Since writing the within letter I have seen Mr. Merry on [ sic ] had an interesting conversation with him on our affrs. especially the impressment of our seamen. I have given you an acct. of it in a letter committed to his care, but it may be well to add it here also; He told me that he had confer’d with Ld. H. on that subject as he had promised me, and that he was instructed by Ld. H. to...
28 September 1803, London . Introduces the bearer, Mr. Halsey, “a respectable citizen” of Rhode Island. “He has been introduced to me as a young man of the best connections there, and I have understood from the best authority, that his character & conduct in Europe, have been such as might be expected from a person well educated and connected in the UStates. I shall thank you to present Mr....
Since my last nothing material has occurr’d here or in any other quarter that has come to my knowledge in which the United States are interested. On the impressment of our seamen and some other interferences with our commerce, I propose shortly to address a note to the Secretary of State for foreign affairs, to which I have reason to expect that a suitable attention will be paid. I took...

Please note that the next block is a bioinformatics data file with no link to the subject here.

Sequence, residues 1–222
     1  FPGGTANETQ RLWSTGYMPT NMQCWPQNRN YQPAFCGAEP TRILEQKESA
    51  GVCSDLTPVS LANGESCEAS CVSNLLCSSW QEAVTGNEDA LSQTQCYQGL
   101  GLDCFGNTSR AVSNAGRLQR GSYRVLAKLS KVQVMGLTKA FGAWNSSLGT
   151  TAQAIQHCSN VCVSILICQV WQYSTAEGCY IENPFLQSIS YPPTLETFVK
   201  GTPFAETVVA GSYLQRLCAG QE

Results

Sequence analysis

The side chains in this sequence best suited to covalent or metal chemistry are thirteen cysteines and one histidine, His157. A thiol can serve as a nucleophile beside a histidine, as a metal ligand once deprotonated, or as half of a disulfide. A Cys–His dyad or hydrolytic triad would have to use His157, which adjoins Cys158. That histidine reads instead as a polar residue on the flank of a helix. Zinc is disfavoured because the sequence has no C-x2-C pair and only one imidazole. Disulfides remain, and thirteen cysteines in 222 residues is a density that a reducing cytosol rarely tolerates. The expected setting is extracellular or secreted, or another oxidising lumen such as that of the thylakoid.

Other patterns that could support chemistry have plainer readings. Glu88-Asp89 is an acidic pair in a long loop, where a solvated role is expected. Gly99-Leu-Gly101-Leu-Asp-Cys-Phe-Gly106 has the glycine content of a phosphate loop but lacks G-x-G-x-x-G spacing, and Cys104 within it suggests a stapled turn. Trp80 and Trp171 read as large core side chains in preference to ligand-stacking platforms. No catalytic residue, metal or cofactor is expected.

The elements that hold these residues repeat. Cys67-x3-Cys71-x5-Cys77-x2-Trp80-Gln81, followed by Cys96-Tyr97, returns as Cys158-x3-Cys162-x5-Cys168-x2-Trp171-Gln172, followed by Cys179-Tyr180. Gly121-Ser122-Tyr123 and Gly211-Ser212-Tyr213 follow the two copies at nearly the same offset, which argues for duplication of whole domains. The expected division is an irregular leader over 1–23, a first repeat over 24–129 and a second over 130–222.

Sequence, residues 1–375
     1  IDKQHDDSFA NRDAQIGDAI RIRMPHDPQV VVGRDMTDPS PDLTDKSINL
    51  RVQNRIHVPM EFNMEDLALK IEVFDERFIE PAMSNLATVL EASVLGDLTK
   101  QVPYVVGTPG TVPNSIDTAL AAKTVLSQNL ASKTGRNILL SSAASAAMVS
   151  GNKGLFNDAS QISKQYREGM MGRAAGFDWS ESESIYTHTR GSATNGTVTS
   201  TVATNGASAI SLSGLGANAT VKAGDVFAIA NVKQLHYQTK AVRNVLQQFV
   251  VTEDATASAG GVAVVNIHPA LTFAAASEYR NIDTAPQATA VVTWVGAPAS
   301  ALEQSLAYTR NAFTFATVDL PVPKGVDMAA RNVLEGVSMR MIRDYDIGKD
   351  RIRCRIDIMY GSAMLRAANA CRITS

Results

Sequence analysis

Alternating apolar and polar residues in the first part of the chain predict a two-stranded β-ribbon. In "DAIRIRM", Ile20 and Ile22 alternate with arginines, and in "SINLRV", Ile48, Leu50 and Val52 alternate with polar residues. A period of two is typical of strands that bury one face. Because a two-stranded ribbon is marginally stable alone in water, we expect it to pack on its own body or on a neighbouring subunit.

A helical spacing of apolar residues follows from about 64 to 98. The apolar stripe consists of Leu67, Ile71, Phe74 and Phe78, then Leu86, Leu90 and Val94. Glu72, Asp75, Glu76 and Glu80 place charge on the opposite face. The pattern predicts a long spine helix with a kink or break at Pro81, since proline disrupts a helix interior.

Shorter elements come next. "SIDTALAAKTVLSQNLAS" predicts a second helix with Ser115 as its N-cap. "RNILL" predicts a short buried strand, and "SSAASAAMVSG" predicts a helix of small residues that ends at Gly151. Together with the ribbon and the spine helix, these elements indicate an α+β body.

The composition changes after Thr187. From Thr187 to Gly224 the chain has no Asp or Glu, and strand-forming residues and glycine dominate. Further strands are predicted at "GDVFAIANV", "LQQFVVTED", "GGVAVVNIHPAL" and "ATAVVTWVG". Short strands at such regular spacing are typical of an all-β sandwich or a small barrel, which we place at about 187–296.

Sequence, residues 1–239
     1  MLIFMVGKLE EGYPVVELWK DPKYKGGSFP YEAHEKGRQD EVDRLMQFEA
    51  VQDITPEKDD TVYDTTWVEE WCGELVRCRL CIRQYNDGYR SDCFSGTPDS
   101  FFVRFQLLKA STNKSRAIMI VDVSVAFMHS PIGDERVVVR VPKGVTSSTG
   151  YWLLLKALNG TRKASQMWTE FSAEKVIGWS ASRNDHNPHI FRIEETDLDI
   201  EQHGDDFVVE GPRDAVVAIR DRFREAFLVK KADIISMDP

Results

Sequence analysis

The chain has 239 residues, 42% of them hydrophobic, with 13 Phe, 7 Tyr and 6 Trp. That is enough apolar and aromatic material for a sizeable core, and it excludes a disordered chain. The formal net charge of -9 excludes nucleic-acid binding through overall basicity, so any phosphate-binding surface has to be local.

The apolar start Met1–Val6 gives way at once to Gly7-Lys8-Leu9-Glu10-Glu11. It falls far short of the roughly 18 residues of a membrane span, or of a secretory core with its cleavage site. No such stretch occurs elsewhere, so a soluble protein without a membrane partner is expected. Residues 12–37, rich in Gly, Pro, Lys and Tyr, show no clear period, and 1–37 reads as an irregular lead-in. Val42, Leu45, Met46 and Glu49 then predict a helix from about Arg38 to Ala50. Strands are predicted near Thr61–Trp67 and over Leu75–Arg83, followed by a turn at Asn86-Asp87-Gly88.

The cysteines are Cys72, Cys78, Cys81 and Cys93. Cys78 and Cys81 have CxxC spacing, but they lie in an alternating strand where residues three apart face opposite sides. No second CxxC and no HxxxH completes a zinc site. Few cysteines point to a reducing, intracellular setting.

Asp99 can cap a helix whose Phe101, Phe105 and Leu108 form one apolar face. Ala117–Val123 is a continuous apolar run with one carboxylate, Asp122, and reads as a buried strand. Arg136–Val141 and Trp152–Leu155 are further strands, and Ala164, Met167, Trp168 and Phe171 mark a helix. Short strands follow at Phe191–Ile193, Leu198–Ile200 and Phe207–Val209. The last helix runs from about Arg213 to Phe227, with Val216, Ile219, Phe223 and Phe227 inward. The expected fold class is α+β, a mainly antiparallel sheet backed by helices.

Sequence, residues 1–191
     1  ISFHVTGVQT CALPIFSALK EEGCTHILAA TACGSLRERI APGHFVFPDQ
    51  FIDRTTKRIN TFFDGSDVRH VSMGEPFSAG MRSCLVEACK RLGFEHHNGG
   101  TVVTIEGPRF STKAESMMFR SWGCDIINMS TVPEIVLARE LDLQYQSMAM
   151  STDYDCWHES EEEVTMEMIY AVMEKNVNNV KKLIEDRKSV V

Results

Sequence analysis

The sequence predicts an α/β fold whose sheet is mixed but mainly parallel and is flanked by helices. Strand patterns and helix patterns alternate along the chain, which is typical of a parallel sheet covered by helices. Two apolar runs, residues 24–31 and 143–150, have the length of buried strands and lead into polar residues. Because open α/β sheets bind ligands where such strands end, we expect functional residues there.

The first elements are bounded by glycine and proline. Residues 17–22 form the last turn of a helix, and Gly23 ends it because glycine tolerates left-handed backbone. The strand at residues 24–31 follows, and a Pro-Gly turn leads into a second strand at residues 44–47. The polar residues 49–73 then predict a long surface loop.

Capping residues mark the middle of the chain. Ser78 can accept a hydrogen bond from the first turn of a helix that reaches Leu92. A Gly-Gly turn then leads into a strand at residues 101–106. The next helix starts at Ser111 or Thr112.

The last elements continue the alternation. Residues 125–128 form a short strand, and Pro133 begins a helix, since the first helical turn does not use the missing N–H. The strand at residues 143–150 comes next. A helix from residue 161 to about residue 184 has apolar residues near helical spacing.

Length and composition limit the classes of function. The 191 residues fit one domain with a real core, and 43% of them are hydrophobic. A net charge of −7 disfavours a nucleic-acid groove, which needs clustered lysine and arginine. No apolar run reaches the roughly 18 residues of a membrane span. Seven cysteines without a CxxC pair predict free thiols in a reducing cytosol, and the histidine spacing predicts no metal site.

I have not yet presented a note to this govt. respecting the impressment of our seamen, as I intimated to you in my last I shod. do. Mr. Erving is very attentive to the object, who most probably obtains every thing that can be expected on it at this time. I am persuaded that at no former period had we so little cause of complaint for injuries under this practice. Some however have occurr’d...